COVID vaccines: When will Canada approve one? When will you get it?

Health Canada's top medical advisor on how Ottawa is reviewing the most promising vaccines—and how long we'll have to wait

Canada hasn’t flattened the curve since August. New daily cases for COVID-19 are now more than twice as high as they were during the peak of the first wave. The death count is steadily climbing towards 100 new fatalities each day.

Yet as some cities and provinces go into lockdown again, an end of the pandemic appears within sight as vaccines from AstraZeneca, Moderna and Pfizer have all started their applications for approval in Canada, with more likely to follow in the coming months.

To find out how long it might take for Health Canada to approve the vaccine candidates and when people in this country will start getting inoculated, Maclean’s spoke with the federal health department’s chief medical advisor, Dr. Supriya Sharma.

This conversation is edited for length and clarity.

Q: There are currently three COVID-19 vaccine candidates that have started submission to Health Canada for approval. Where do they all stand right now in the process? 

A: We have three vaccines under review. All of them started at different times in October. They came in under the interim order process—one of the regulatory mechanisms we use in public health emergencies as a rapid way for a regulatory pathway. One of the flexibilities it allows for is a rolling submission. 

Q: And what is a rolling submission?

A: Normally, a company takes all the information it has—pre-clinical [tests], animal tests, all information from the clinical trials, the manufacturing information, the site of manufacturing already licensed—all of that comes in as one package, and we start the review when we get it. In a rolling review, we allow companies to give us data as it becomes available. 

The three under review right now are at different stages, in terms of what information we have. For some, it’s just the pre-clinical information, so just the animal data. For some we have some clinical data. And for others we are about to have a full clinical package.

Q: Do you need everything for the stamp of approval?

A: In terms of the final assessment—if it can be authorized or not—we need all the data.

Q: Have the applicants notified Health Canada when the full, detailed data will be available?

A: Part of the requirements of the rolling submission is you have to be at a certain stage of development—good, promising data from Phase 1 and Phase 2 studies, and have Phase 3 started. When they give us the [initial tranche of] data, they provide an approximate timeline for when they’ll give us the other parts of the submission.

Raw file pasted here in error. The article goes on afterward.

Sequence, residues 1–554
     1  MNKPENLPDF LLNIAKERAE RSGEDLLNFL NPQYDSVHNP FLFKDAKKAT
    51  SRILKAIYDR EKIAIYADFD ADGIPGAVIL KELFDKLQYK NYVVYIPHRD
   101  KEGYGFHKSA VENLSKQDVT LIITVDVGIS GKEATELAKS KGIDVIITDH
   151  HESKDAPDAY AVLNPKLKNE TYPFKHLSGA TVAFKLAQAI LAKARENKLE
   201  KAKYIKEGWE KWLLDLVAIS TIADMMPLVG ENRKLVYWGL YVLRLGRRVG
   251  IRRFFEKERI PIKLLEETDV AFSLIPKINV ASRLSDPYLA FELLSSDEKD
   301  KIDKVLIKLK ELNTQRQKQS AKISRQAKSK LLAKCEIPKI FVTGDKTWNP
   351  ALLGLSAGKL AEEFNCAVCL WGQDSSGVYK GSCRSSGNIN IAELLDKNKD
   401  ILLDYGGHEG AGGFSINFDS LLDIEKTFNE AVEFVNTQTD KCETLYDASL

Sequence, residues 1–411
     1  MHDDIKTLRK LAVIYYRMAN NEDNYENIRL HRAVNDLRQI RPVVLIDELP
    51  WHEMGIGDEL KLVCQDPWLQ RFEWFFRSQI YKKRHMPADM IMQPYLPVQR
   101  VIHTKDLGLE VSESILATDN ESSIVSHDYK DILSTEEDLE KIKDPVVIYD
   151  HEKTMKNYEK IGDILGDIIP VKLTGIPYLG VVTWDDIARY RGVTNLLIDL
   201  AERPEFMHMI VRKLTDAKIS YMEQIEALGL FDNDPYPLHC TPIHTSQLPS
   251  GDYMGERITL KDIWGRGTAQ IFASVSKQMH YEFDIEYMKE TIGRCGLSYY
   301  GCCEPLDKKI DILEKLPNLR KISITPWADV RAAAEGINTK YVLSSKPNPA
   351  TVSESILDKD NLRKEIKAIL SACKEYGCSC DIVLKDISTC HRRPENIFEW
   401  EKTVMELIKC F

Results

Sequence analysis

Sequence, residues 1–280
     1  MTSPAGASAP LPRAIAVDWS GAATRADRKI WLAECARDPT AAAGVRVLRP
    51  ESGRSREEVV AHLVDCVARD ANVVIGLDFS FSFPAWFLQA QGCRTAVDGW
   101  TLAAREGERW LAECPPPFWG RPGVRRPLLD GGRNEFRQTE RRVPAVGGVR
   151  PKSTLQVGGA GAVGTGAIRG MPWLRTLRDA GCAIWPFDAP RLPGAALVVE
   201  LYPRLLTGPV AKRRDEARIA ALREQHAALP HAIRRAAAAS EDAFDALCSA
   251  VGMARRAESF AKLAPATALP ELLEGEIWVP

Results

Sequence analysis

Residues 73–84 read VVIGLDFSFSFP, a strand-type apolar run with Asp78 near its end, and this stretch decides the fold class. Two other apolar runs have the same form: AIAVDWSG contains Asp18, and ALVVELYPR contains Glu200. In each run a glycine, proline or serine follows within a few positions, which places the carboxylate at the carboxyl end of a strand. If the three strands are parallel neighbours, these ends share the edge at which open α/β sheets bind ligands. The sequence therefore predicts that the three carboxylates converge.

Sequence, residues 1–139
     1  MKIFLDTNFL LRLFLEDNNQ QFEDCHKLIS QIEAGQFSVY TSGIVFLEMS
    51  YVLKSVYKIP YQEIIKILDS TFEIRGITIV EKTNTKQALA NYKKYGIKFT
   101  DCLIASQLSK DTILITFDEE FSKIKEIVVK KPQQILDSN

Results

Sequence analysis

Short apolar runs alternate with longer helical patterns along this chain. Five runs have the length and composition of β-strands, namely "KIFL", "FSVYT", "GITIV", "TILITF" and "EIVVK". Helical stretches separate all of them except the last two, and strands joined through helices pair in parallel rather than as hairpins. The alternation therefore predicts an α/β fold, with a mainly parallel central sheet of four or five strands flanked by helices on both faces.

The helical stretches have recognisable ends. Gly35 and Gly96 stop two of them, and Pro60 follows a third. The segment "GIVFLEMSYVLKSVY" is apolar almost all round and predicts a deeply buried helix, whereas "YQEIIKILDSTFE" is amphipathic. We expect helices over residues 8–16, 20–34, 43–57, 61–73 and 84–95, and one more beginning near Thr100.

Q: And when will these companies have all their data submitted? This year? January? February?

A: That’s difficult to predict, and everything we’re provided as part of this is confidential. For the 10 vaccines in Phase 3 trials—there is a wave of information on clinical trials that we were expecting in November and December. We’re seeing those now with AstraZeneca, Pfizer and Moderna. We have another wave of data coming in December into January. And then another wave in the spring. 

Everything seems to be on track, so far. We’re expecting complete data packages for some vaccines at the end of November and into December. 

Q: Are doses being made for the Canadian market in anticipation of approval?

A: It depends on where these companies are for manufacturing and development.  Some manufacturers are still getting their sites licensed. Others are starting to do some manufacturing. A few are starting the scale-up process.

There will be vaccines destined for the Canadian market that may or may not be the same vaccine destined for the U.S. market, or the same as the European market. The companies make those decisions. They’ve got different manufacturing sites that need to have the appropriate approvals. They need to be inspected and be in compliance with good manufacturing standards.

Q: So the Pfizer vaccine going to Americans, let’s say, might not be the same as the Pfizer vaccine going to Canadians? 

A: The clinical data is the same. The studies are the same. It’s basically the same thing, but because of the complexity of the vaccine manufacturing process, any small shift in the manufacturing can result in changes in the vaccine.